The reports describe him as "narcissistic," "hypersexual," well-mannered and prone to "grandiose" statements. Arbabsiar refers to himself as a successful businessperson, better at deal-making than management. "I may be a little bit loco, but I am a good businessman," he said.
The accounts also pull back the curtain on what happened immediately following Arbabsiar's arrest, including his interrogation by agents from the Federal Bureau of Investigation.
On Sept. 28, 2011, after several months of meetings in Mexico and Iran, Arbabsiar flew to Mexico to serve as human collateral until half of the agreed payment from Iran was sent to the DEA informant posing as a drug cartel member.
Mexican authorities denied Arbabsiar entry into the country and the next day put him on a plane to New York. Undercover law-enforcement officials kept tabs on Arbabsiar while he was in the air.
During the five-hour flight Arbabsiar didn't eat, didn't watch the movie. He thought to himself, "I am finished." He thought about how his brother had told him not to go and wondered if his Mexican contact "Junior" had been in on it.
When he landed in New York, FBI agents escorted him to a hotel for questioning. According to prosecutors, Arbabsiar was read his Miranda rights and waived his right to appear before a judge.
For the next couple of days he was interrogated but gave up very few incriminating details. Then, when confronted with recorded telephone conversations between himself and the DEA informant in Mexico, Arbabsiar, the used-car salesman, did what he knew how to do best: He attempted to strike a deal.
"I know about making deals – I have done that all my life in the car business," Arbabsiar said, according to the government-retained psychiatrist. "Hell, if you want information, I will give you information. If you want addresses, I will give you addresses."
Arbabsiar surmised that since nobody had died as a result of his actions, he could provide information in return for leniency during his sentencing. On Oct. 1, two days after being arrested, Arbabsiar decided to go on the offensive, the government report shows.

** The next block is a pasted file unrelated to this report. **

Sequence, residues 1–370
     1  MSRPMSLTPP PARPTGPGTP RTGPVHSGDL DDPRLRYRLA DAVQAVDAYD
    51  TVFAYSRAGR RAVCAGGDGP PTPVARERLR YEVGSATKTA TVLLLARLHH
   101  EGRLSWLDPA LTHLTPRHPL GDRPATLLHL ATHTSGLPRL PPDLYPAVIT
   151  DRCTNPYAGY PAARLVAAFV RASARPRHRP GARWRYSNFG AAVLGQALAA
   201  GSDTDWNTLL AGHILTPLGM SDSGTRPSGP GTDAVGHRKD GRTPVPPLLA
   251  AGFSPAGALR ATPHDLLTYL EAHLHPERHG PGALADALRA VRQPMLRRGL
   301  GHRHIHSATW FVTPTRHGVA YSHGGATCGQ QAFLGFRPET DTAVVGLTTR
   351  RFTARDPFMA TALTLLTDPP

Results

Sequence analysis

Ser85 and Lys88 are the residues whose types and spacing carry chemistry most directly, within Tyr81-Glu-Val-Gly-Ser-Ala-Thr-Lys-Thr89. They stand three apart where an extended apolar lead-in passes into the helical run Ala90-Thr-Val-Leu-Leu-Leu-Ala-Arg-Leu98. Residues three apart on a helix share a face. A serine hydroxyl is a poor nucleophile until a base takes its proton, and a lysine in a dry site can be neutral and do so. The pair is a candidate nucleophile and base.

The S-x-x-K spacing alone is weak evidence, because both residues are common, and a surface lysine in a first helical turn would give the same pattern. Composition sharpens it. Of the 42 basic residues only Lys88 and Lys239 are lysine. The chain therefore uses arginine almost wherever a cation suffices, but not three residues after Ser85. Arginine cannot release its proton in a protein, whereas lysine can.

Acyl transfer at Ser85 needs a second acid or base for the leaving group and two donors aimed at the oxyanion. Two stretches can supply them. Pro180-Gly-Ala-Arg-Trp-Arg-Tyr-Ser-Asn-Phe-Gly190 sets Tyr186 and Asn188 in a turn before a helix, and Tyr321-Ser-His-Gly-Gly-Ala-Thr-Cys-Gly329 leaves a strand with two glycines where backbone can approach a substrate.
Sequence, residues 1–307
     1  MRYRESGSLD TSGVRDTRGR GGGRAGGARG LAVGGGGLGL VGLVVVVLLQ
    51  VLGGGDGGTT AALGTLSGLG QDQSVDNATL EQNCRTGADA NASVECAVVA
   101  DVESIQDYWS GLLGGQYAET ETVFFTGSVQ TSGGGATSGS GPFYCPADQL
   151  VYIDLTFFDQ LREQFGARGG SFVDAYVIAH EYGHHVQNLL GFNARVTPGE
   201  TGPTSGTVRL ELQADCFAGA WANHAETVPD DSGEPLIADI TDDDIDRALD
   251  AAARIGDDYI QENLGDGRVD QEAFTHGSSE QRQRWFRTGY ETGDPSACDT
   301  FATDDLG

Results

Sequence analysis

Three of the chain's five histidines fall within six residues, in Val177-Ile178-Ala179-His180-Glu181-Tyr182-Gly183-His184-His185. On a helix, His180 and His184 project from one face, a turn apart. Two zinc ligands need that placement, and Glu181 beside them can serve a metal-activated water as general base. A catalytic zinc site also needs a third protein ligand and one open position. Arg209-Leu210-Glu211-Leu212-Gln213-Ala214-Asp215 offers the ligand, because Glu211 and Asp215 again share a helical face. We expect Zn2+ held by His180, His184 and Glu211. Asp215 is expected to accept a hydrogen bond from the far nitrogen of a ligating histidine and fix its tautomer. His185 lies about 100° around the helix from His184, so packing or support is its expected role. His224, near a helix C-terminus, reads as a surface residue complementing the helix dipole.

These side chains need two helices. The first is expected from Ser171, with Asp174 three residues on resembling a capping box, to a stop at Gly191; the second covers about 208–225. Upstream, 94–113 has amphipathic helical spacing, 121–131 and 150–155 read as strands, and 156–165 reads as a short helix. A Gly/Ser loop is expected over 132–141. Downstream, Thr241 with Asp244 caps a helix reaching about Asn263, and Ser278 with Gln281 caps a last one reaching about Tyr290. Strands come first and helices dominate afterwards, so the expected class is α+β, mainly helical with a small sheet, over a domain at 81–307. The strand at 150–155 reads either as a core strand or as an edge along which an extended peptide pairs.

During the previous sessions, before the interrogation began, the FBI agents would spend about 15 minutes talking to Arbabsiar about matters unrelated to the investigation while they had coffee and muffins for breakfast. Except on this day, Arbabsiar emerged from his room wearing only what appeared to be a towel or boxer shorts. "Let's sit down," he instructed the agents.
"My sense of this was that it was deliberate on his part and in my view was a bit of a power play," said Dr. Susan Brandon, a psychologist who was present during all of the post-arrest questioning.
"He was manipulating us," said one of the FBI agents who questioned Arbabsiar.
The tactic apparently did not work.
"If it happened again, I would say 'I am not going to tell you anything until I have an attorney,'" Arbabsiar said, according to the government report. "I am not going to give you free shit, this information is worth something – it is worth money."
Over the course of 12 days, Arbabsiar ended up providing agents information that authorities would later classify as "extremely valuable intelligence." On at least three occasions he called his handlers in Iran and spoke in prearranged code.
Then, worried he might be endangering his family, Arbabsiar decided to stop calling Iran. The authorities finally took him before a judge on Oct. 11, 2011.
Today, Arbabsiar spends his days in prison listening to the Bee Gees, Diana Ross, and ABBA. On occasion, he cries when thinking of how possibly spending 25 years in jail will separate him from his family – including his wife, son and newborn grandson.
His sentencing hearing is scheduled for January of next year.